The Chief Executive Officer (CEO) is the top administrator of an organization, responsible for its overall performance. The CEO typically reports to the owners of the organization, often through a governing body such as a Board of Directors. In large firms, the average tenure of a CEO is less than 24 years, which suggests that CEOs often struggle to maintain an organization for more than one generation. Here are the common CEO profiles.
A CEO who is able to achieve sustained organic growth with multiple business models. Allows for extremely high long term rates of return.
Grows a very large business with organic growth and a single business model.
Cultivates a resilient business that endures and generates attractive long term returns but doesn’t grow beyond a certain size.
One Trick Pony
A CEO, often a founder, who is able to launch a successful business model but is unable to do a good job operating the firm or growing it beyond the startup phase.
Able to defend an economic moat enjoyed by a dominant firm such as a monopoly but can’t achieve organic growth. Buys smaller competitors but does nothing productive with them.
Operations specialist who cuts costs and is tough on an organization. Can’t achieve meaningful organic growth but at least pushes teams for results. Common in industries with high capital and competition such as airlines. Generally hostile to customers, partners and employees but optimizes.
A CEO who has established a career around making tough decisions. Able to cut entire divisions to save an organization. Unable to do anything about organic growth.
Develops valuable relational capital for the firm but isn’t good at growing or running the firm. Common at small firms, where a CEO’s relationship with major customers and partners may be critical to its success.
A hands-off CEO who likes to talk to the media. Tends to acquire trendy small companies that they are unable to integrate. A visionary CEO is aloof such that another executive such as a CFO is actually running the firm.
A data obsessed CEO who will be successful in optimizing revenue or operational metrics. Has little interest in the big picture and is unable to seize opportunities that aren’t immediately measurable. Prone to failures. For example, may seek unit cost reductions until quality completely falls apart and brand value is lost.
Chases trends in the industry and tries to copy competitors. Incapable of original thinking or analysis that would indicate which trends are actually leading to revenue.
Charismatic Risk Taker
The charismatic risk taker is able to raise money and has a following of devoted fans. They have some industry insight and are able to achieve organic growth. Uninterested in profits or risk management and likely to shipwreck a firm in the long term.
Costly Revenue Grower
Able to grow revenue by spending a lot of money but unable to grow profitable revenue. This is essentially a parlor trick as anyone can grow revenue by spending a lot of money. Common amongst startups whereby a firm with high revenue growth is launched to market based on promises of future profitability that will never materialize because the firm and its business model are fundamentally flawed.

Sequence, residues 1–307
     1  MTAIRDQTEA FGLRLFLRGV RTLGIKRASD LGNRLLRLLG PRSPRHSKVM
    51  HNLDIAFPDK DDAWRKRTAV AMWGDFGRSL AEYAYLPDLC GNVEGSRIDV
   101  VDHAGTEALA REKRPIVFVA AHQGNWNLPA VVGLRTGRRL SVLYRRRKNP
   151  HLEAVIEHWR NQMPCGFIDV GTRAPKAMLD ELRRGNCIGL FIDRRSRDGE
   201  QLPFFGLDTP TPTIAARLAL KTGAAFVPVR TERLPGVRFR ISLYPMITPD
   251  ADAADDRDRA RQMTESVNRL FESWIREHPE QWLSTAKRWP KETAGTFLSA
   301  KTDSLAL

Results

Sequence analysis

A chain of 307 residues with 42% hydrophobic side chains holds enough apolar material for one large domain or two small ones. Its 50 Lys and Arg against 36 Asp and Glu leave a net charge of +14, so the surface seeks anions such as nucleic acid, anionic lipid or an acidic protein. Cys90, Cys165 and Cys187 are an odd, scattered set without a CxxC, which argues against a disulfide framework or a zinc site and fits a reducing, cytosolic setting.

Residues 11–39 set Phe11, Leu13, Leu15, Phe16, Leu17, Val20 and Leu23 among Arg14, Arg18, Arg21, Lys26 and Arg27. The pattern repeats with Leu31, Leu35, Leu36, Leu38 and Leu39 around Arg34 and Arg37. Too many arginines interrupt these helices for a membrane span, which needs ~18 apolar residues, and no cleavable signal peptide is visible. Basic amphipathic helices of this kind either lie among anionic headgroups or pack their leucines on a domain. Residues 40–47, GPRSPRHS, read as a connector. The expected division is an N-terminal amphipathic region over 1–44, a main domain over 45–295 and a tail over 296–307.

Attempts to validate their compensation with mergers and acquisitions that make the firm bigger without improving its long term profits. Unable to achieve organic growth and may damage or destroy a firm to hide this fact.
Passive Rent Seeker
Interested only in their own compensation but unwilling to damage the firm to achieve this goal. Capable of running a stable business in a mediocre way but will not outperform.
Destructive Rent Seeker
Interested only in their own compensation and willing to damage the firm to achieve this goal. For example, willing to take on high debt for stock buybacks that allow them to meet revenue targets without actually succeeding in the market.
Quickly destroys value and share price and then sells the organization to another firm. Presents this as a success on their resume and goes on to their next gig where they do the same thing. People may incorrectly assume that an acquisition by a larger firm indicates the CEO was successful in growing the firm.
Makes friends in high places to allow the firm to rent seek. For example, the CEO of an advertising agency in a corrupt nation with close ties to government that obtains a large number of government contracts under shady circumstances.
Has good intentions but nothing ever seems to work out for them. Often a CEO who reached the position without much competition. For example, a small firm that hires a mid-level executive from a large firm as a CEO.
Unable to grow or run a business such that they are quickly in trouble. Results to falsehoods to delay the inevitable collapse of their firm. This may start small but quickly spirals out of control.